The Honest Mistakes are a long-running Baltimore indie rock band that I've seen live once or twice and am in kinda the same social circle with, put out a great-sounding new album recorded at Magpie Cage. I haven't listened to it enough to form too much of an opinion yet but "It's Hard" is definitely the standout track for me.

7. Sleater-Kinney - No Cities To Love
I've never totally appreciated Sleater-Kinney the way a lot of people do. The Hot Rock is my favorite album by them, which is not really a consensus choice, and while I love Janet Weiss's drumming and Corin Tucker's wail, I don't tend to spend a lot of time with their catalog and wasn't holding my breath for them to come back. But I am happy to see them come back and pretty much nail it, sounding more comfortable with their sound than they did when they left off with The Woods. "A New Wave" is probably my favorite on this one.

8. Ne-Yo - Non-Fiction
In my recent post about Ne-Yo deep cuts, I made the argument that his albums have different strengths and weaknesses but are all roughly equally good. And I think this album bears that out, because the songs are all pretty uniformly good, the album is just let down by poor sequencing and an abundance of momentum-stalling spoken interludes. Back when Ne-Yo had the whole goofy comic book concept for Libra Scale, I thought that album would be undone by its narrative concept, but instead it ended up being a pretty tight, consistent album, while this album has all the skits that Ne-Yo sounded like he had fun making but don't really add anything to the experience. Of course, I'm listening to the 21-track deluxe edition, the 14-track standard edition doesn't seem to have a lot of that stuff, but it's also missing some good songs. I especially like the dancey run from "Time Of Our Lives" to "Who's Taking You Home" and "Coming With You," I still think Ne-Yo's stuff in that vein is underrated. It's weird that they used a different mix of "Money Can't Buy" on the album from the single released last year, the drums are audibly different.

9. Lil Wayne - Sorry 4 The Wait 2
In the long two and a half year gap between Carter II and Carter III, Lil Wayne became a superstar and revolutionized the way rap stars make mixtapes and use them as an outlet between major label releases. And back then, when Wayne seemed to be just enjoying being the best rapper alive and didn't care that much when his album dropped or what was on it, it was unthinkable to imagine that he'd someday become just another rapper whose label kept his album on the shelf against his will until he started making angry diss songs and filing lawsuits. So this whole Carter V ordeal has been strange to watch unfold, and I have no idea where it's going. But in the meantime, he's been rapping better lately than he had for a while, and I'm actually interested in hearing a new album from him. Not that this is Dedication 2 level or anything, but as far as the freestyle tapes though, I'd say this is as good as overrated-ass No Ceilings, the versions of "Sh!t" and "Dreams And Nightmares" are dope. That "Used To" shit is everything I hated about the Drake collab early singles for Carter V, though, less of that, please.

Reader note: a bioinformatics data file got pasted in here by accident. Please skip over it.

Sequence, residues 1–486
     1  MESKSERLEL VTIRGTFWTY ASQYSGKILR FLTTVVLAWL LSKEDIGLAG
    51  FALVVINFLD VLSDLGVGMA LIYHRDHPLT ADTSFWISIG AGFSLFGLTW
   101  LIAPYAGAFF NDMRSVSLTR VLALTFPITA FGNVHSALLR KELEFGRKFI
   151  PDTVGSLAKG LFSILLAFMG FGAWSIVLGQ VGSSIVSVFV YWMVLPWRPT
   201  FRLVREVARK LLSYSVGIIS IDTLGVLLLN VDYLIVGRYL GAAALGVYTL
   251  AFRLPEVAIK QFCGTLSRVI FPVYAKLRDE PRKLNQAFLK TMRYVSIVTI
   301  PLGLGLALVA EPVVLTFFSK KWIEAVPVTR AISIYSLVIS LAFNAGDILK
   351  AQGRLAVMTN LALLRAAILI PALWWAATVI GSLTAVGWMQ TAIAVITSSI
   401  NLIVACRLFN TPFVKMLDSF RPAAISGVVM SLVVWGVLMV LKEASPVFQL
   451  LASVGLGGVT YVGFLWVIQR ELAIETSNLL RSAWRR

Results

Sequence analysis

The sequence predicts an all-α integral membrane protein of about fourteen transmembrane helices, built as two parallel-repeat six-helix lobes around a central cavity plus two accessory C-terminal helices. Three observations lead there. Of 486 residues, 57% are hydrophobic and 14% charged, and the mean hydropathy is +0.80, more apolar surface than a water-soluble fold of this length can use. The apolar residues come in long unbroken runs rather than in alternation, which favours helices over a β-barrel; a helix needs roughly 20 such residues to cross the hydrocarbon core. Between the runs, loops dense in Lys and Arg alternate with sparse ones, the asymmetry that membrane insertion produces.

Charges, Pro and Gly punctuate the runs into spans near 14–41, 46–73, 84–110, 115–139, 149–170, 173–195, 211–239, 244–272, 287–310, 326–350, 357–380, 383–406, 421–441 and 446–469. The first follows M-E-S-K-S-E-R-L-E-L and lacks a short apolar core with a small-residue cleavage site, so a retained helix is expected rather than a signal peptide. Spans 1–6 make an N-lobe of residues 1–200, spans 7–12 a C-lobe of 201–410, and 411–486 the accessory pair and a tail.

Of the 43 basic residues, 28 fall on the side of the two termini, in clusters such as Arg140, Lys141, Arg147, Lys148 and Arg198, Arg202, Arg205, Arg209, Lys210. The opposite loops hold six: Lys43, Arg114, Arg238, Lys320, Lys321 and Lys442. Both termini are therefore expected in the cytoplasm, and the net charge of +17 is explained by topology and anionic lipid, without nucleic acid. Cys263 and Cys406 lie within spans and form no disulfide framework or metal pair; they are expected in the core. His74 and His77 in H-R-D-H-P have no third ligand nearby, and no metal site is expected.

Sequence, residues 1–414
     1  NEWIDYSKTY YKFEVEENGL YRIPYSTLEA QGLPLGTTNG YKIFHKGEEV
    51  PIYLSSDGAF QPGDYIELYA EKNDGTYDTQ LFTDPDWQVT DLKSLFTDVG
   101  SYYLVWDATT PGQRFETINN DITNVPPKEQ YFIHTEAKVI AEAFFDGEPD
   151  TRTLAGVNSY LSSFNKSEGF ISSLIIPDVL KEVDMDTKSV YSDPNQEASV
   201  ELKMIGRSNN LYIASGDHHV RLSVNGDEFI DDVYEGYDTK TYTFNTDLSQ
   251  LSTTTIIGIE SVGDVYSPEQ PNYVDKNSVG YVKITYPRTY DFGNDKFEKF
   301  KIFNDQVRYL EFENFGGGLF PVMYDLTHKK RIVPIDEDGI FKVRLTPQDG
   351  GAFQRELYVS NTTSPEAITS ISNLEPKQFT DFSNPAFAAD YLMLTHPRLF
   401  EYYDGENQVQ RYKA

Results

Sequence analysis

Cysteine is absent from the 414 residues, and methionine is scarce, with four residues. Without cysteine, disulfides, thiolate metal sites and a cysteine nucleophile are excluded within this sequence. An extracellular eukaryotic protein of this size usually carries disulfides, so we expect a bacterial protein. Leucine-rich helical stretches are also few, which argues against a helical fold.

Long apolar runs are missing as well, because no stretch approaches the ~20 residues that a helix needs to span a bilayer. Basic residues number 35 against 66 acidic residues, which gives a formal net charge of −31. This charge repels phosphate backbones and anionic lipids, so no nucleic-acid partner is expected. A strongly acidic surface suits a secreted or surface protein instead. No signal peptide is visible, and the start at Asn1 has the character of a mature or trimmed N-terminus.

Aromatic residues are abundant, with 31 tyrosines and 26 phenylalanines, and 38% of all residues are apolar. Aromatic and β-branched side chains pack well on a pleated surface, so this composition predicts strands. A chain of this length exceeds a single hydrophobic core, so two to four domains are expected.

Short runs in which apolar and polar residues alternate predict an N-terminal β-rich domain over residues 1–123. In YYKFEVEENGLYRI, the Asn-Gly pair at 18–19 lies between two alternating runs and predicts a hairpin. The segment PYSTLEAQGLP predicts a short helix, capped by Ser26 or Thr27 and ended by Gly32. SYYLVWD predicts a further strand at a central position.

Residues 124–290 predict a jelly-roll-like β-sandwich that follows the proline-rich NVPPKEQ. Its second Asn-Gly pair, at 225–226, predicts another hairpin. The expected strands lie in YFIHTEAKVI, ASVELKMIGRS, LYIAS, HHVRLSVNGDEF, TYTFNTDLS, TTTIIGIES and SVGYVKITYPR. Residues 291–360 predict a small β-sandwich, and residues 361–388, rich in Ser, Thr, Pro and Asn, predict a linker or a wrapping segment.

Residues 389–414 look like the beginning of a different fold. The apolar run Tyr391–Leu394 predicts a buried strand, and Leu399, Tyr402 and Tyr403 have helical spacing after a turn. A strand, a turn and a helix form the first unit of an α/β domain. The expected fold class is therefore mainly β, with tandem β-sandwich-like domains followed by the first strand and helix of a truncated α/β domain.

10. Lupe Fiasco - Tetsuo & Youth
Over a year ago, when Lupe Fiasco announced this album's title and started releasing singles and playing shows to promote it, I wrote a concert listing for his show in Baltimore that said "Lupe Fiasco dodges tomatoes and previews his next sure-to-be-depressing album, Tetsuo And Youth, at Rams Head Live." This was, obviously, shortly after he ended a concert early because an audience member threw a tomato at him, and admittedly kind of a cheap shot, so maybe Lupe was justified in his tweet about me that week. But his output since his first album had really just been a long line of disappointments up to that point, and it wasn't until the single "Next To It" a few months after all that that I started to think that maybe this album could be good. And it really is, even if "Next To It" isn't on it after all. It's really indulgent and overlong, and I've never been as in love with Lupe's wordplay and internal rhyme schemes as he clearly is, but there's still some pretty impressive moments here and the production is a big step up from a lot of the weak beats that dragged down some of his earlier records.

Worst Album of the Month: Mikky Ekko - Time
I was a pretty big fan of Rihanna's "Stay," even if it was pretty strange that they had this unknown American guy with a fake British accent and a goofy name singing on half of a single by one of the world's biggest pop stars. So I checked out this album optimistic that it might be good, although the fact that they're releasing it a full 2 years after "Stay" instead of capitalizing on it back when it was big was probably a sign that the album has been troubled. And it's really just pretty annoying, not sure what it wants to be, and his voice gets old fast. And the pretentious vocal effects on "Pressure Pills" are even worse.

Tuesday, February 03, 2015
This week's Short List.